Is moving on a good option? Or when to move on?

Hello Bootstrappers,

first a big thanks to all the valuable input I got more this forum during the past!

Today I really need some advice on how to move froward with my saas since I got a couple of questions in my head that every bootstrapper might come across: Am I sill motivated? Am I investing my time right? Is the product still vaild? Should I move on to the next idea?

Maybe some of your feedback might bering me back on track…at least i hope so =)

Currently I am have a simple saas product online which i managed to grow to 1k MRR over the last 1,5 years, not much but a nice for a first saas try. Some facts for your jugement:
Product: Amazon Landing Page Builder
Pricing: 20 / Monthly, Free Trail
Homepage: 900 monthly visitors
Trail Signup CR: 4%
Trail to Subscription: 15%
But somehow it feels like an uphill battle and thanks to Stripes Analytics I can clearly see that the 20% churn is causing the trouble. This also comes down to that nature of the product because these landing pages are just used once a new product is released. Hence the user signs up, uses the service and cancels after launch. On top of that I see some competitors improving making it hard to catch up. Although they might have the same problems in the background.

So the whole situation feels kind of demotivating and I am not sure anymore if the product itself has a long term potential.

Over time I slowly drifted to the idea of creating a new product that will partly cater the same audience but is much more hooked into the sales funnel and also will have a higher price point. It feel a bit more mature than to current product but also has more potential. Of course that means I have to start over again with customer development and also building up the marketing, seo etc which I already did in parts for the LP builder.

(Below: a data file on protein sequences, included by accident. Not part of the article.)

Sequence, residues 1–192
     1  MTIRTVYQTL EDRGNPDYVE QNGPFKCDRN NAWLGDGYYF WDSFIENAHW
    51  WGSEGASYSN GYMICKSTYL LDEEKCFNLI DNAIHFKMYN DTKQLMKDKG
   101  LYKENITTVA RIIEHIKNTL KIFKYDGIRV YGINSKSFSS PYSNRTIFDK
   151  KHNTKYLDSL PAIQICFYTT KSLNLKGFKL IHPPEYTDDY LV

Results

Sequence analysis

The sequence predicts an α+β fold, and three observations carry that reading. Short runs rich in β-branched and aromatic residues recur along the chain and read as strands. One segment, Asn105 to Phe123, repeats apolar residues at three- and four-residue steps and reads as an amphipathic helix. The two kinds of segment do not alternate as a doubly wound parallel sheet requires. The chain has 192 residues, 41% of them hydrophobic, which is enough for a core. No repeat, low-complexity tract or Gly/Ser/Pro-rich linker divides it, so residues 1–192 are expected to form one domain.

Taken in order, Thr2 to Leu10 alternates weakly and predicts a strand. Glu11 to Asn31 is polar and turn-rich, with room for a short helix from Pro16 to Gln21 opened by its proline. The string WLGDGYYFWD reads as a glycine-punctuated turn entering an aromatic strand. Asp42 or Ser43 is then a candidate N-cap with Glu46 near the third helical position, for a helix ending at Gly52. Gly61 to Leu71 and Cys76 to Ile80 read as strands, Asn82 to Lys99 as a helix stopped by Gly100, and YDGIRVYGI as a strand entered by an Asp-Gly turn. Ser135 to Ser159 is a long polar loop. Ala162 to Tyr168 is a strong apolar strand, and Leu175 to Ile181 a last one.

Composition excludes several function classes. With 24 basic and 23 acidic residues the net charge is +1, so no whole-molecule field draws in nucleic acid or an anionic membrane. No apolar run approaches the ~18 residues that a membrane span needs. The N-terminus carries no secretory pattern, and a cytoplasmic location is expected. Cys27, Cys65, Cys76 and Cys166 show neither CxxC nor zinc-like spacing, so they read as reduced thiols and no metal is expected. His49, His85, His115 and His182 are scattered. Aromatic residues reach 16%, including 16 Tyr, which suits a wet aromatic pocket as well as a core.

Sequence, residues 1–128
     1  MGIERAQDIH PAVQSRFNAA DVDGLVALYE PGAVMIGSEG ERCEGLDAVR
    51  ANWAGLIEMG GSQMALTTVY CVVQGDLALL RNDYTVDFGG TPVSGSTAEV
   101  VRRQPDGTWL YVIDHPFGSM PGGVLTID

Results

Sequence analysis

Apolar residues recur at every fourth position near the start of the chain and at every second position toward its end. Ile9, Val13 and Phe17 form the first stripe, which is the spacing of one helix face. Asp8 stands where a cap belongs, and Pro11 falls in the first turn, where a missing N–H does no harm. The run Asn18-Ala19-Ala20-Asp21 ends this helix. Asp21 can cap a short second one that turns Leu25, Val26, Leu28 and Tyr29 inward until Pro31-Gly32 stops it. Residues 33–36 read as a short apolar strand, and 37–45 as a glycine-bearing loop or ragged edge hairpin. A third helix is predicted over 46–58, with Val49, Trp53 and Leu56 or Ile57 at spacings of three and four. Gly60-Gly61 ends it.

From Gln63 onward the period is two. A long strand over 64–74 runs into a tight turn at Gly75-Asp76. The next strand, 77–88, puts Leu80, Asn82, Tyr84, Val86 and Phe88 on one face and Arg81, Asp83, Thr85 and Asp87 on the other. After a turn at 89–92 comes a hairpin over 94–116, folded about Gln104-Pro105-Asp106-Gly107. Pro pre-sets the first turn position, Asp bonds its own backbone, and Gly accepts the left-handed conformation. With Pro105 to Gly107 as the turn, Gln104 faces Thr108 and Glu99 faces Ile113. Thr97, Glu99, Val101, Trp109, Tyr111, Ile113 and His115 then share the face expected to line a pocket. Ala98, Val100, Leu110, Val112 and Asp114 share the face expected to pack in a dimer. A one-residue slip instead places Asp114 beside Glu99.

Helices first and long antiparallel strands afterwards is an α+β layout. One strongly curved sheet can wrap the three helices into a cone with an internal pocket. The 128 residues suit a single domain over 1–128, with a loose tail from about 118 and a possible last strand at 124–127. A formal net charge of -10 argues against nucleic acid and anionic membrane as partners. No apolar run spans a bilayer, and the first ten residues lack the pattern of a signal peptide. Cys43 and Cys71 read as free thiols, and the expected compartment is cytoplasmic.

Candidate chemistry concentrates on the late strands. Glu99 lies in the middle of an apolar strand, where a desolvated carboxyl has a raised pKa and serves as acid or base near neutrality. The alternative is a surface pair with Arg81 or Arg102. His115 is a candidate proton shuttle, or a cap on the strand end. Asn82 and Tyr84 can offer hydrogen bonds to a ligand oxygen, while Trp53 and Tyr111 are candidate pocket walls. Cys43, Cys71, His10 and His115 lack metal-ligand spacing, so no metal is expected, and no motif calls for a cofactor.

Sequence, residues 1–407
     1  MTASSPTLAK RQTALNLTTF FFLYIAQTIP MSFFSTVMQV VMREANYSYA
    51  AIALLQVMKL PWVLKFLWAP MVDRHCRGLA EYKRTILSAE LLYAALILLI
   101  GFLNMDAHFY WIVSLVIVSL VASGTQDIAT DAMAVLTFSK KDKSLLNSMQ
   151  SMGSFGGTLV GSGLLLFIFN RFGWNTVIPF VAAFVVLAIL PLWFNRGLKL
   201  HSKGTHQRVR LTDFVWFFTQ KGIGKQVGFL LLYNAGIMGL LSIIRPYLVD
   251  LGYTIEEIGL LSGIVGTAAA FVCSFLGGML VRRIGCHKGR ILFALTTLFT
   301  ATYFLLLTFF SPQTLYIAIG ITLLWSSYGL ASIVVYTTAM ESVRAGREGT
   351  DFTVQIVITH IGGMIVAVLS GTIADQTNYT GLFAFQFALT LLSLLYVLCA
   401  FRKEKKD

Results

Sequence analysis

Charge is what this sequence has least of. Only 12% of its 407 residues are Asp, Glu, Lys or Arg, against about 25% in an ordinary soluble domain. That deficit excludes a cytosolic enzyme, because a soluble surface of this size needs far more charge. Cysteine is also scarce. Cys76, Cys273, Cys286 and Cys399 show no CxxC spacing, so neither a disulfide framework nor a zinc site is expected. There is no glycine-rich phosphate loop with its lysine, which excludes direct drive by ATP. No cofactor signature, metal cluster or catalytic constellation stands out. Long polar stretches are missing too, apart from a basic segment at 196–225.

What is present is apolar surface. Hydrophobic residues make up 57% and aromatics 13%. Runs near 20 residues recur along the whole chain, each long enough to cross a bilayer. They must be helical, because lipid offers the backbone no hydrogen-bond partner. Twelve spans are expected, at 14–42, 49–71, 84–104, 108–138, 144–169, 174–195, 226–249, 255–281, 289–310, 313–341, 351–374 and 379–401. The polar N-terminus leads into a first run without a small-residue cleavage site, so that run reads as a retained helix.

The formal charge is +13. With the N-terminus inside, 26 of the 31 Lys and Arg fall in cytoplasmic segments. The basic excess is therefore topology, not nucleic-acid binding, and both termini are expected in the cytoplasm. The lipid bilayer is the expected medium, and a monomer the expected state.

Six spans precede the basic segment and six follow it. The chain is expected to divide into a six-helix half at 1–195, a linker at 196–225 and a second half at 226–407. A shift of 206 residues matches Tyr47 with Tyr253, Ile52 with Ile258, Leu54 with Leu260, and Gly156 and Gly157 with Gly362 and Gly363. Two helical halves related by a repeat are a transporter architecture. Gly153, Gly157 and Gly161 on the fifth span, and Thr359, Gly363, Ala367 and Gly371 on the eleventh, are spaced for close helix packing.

Well thats my kind of dilemma… :roll_eyes: stick to the old product and invest even more time into it or start something more promising.

Maybe it is not even about starting something new, maybe the question is: When should I stop working on a product?

Hope your feedback, experience or advice will help to clear my mind!

Thanks for you time!

Hi Alex,

First, being a person that have tried tenths of ventures with zero income I have to congratulate you - you have made it to a point where you actually have paying customers ! This at least proves that your solution gives something to the World.

Having in mind the above, my humble opinion is - don’t give up. Try some changes, like:

  • see how many percent of your paying customers cancel on the first month and if this is more than 50% - set it to a one time fee (e.g. $50) and oops - you have $2K/m from just this change.
  • don’t throw your site, you already have the (please note!) paying audience - if you decide that another product will do it better, first try it as a third SaaS plan (in addition to the free and 20/m) /you see - the audience is there, just show it to them/
  • drop a line to those who have canceled. Give them 50% discount to the new product (which may appear as an Enterprise/Pro plan in your SaaS)
  • … I hope you get the point …

Wish you luck!


Congrats on achieving this - it is damn hard to get to where you are.

When should I stop working on a product?

Moving on is always a hard decision. You’ll never really know if it is the best thing for you.

Is revenue growing? If so, I’d suggest continuing.